“The Obama administration has injected itself into the crisis in Guinea, taking the unusual step of sending a senior diplomat to protest the mass killings and rapes. … Secretary of State Hillary Rodham Clinton called for ‘appropriate actions’ against a military government that she said ‘cannot remain in power.’ ‘It was criminality of the greatest degree, and those who committed such acts should not be given any reason to expect that they will escape justice,’ Mrs. Clinton told reporters in Washington. She said that the nation’s leader, Capt. Moussa Dadis Camara, and his government ‘must turn back to the people the right to choose their own leaders.’ … On [5 October], William Fitzgerald, deputy assistant secretary of state, met with Captain Camara for two hours. He said he insisted, in strong language, that Captain Camara was responsible for the violence, despite the military strongman’s repeated denials. Mr. Fitzgerald said he also repeated that Captain Camara should not run in the elections, a key opposition demand. … The response from the captain was noncommittal, he said.”

Things are not likely to go well in Guinea. Camara is quickly becoming a pariah internationally and a tyrant at home — exactly the opposite of the kind of leadership necessary to usher in an era of development, hope, and peace. Given the right kind of leadership Guinea could have a very promising future. The country has major mineral, hydropower, and agricultural resources. It sits atop almost half of the world’s bauxite reserves — the most important aluminum ore. Unfortunately, Guinea’s military junta looks like it is going to be propped up by Chinese investments [“Guinea Boasts of Deal With Chinese Company,” by Adam Nossiter, New York Times, 14 October 2009]. Nossiter reports:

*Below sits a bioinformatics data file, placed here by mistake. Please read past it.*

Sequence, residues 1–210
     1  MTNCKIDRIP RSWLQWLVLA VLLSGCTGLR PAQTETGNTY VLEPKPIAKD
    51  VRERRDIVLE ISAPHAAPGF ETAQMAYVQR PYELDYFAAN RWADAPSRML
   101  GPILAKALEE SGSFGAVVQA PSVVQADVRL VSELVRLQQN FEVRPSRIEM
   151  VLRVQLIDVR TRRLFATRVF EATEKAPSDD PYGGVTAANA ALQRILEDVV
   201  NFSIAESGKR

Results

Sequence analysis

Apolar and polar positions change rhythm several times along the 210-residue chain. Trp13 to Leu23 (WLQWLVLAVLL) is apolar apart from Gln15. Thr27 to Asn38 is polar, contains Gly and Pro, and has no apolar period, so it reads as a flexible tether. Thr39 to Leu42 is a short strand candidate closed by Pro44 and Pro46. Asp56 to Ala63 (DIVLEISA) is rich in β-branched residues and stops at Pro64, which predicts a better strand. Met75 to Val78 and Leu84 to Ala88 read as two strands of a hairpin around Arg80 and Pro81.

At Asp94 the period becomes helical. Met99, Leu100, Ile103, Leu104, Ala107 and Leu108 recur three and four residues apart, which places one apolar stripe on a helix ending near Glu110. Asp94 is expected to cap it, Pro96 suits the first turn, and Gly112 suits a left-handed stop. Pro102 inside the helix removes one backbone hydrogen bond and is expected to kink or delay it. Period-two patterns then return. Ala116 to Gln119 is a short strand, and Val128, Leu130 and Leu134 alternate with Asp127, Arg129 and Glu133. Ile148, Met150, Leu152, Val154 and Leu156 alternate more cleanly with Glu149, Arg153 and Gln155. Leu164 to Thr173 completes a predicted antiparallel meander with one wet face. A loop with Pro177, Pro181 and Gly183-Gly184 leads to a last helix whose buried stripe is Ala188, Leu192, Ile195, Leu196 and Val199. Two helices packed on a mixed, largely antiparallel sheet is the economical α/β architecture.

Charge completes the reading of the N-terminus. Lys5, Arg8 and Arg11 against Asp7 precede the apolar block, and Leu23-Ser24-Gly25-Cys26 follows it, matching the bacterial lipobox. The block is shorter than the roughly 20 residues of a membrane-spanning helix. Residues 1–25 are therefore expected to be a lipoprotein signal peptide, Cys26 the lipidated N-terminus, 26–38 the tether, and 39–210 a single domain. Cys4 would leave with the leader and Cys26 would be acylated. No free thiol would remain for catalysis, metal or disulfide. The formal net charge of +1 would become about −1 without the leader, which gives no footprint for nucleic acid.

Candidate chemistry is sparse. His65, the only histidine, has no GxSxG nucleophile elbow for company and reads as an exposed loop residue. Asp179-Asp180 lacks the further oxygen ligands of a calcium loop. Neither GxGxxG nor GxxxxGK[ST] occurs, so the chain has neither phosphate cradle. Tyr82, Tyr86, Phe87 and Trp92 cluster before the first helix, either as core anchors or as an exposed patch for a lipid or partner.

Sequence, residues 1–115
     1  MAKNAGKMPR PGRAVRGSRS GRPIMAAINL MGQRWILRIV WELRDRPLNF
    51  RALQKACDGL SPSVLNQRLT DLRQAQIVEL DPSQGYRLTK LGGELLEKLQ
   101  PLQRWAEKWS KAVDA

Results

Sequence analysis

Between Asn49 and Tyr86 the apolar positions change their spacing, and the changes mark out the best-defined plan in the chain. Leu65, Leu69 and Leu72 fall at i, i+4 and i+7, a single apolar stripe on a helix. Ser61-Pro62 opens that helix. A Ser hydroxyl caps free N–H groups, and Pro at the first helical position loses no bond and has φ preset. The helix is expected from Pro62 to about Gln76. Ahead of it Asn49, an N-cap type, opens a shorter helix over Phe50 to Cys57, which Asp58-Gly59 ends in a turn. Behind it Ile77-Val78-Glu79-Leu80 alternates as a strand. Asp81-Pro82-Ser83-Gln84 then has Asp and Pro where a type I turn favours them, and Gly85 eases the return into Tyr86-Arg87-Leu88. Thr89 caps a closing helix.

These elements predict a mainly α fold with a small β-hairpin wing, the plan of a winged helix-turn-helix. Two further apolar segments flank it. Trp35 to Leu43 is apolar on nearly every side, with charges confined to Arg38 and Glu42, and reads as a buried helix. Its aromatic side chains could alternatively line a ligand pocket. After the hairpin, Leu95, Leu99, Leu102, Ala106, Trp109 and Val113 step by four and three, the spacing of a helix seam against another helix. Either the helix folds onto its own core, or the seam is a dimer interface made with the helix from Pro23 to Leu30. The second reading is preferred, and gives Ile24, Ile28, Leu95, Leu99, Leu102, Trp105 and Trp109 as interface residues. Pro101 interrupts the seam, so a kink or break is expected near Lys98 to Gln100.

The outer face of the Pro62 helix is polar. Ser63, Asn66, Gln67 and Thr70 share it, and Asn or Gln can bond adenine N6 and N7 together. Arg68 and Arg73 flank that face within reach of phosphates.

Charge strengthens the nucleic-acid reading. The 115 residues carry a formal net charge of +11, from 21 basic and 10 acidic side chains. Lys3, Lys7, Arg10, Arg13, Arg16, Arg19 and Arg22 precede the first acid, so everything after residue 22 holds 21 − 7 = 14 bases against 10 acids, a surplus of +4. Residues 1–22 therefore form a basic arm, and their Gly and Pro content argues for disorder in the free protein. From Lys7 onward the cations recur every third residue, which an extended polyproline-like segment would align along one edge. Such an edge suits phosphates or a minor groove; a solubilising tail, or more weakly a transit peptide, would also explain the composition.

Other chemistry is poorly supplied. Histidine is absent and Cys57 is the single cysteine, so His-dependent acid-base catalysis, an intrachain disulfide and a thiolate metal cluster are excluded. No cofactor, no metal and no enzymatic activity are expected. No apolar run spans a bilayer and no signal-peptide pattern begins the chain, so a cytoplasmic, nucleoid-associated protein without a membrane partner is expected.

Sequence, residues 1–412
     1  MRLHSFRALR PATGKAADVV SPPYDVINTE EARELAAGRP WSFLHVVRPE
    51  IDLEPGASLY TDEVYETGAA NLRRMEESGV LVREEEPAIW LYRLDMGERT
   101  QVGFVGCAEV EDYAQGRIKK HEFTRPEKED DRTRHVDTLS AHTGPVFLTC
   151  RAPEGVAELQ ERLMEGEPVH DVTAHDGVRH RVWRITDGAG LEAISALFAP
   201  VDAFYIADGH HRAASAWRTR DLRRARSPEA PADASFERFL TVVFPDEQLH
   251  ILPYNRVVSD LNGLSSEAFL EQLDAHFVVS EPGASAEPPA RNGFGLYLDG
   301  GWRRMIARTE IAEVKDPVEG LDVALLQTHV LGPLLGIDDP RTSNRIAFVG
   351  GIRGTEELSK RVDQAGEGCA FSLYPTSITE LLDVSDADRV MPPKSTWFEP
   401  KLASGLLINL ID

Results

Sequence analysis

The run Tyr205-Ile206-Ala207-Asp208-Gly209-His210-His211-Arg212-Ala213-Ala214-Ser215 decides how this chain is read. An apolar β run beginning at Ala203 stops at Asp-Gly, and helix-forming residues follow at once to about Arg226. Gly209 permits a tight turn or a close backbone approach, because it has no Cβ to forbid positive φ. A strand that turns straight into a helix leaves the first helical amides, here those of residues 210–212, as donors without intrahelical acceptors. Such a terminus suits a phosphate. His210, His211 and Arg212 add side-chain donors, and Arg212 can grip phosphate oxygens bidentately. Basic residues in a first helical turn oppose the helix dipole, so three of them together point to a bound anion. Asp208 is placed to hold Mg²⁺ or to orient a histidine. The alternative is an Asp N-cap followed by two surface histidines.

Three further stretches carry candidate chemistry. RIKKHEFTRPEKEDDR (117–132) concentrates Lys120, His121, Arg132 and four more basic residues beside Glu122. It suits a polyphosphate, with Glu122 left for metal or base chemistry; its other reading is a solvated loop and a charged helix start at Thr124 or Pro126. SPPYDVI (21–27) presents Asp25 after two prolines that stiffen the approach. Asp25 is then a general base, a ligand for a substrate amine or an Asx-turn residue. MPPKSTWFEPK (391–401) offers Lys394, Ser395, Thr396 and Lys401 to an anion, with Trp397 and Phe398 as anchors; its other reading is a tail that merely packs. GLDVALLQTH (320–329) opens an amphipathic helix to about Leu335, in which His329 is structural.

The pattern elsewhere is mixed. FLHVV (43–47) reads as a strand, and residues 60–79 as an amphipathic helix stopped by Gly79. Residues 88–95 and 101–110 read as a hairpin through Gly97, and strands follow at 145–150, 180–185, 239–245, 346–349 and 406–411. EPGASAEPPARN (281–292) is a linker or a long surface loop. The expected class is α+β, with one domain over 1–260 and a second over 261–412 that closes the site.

“Guinea’s military government, facing international sanctions and heavy strictures over a mass killing of unarmed demonstrators, is highlighting a recent agreement with a Chinese company that could provide it with billions of dollars. Mamadi Kallo, the military junta’s secretary of state in charge of public works, confirmed … that the deal had been in the works for months…. China has yet to confirm the deal, leading some analysts to suggest that the Guinean government was trying to bolster its legitimacy in the face of international condemnation. But if the deal has progressed as Guinean officials have described, it could clash with the tough positions laid out by the junta’s critics, including France and the United States.”

This wouldn’t be the first time that Chinese officials have provided what many in the international community consider rogue aid (for more on that subject, see my posts entitled Rogue Aid and Foreign Aid (Good and Bad)). While technically the deal in Guinea is not foreign aid (it’s a deal between the Guinean government and a private Chinese company), it couldn’t have been concluded if the Chinese government didn’t approve. There can be little doubt that China wants access to Guinea’s resources.

“Mr. Kallo said … the company had agreed to invest ‘up to $7 billion’ in electricity and aviation infrastructure — an enormous sum for a country whose gross domestic product is only $4.5 billion. Electric service in Guinea’s capital is shaky at best, and the country of 10 million people, about the size of Oregon, is virtually without internal air links. ‘How the Chinese are to be compensated hasn’t been decided,’ Mr. Kallo said. China has been determined in its pursuit of minerals in Africa, often without consideration of how countries are governed, and analysts said a number of Chinese had been seen in recent months at Guinea’s ministry of mines.”

If the deal is concluded and money starts flowing soon, getting Camara and his military cronies to give up their political positions voluntarily will be an almost impossible task. On a continent in desperate need of good governance and wise leadership, Camara’s remaining in office could be a real setback.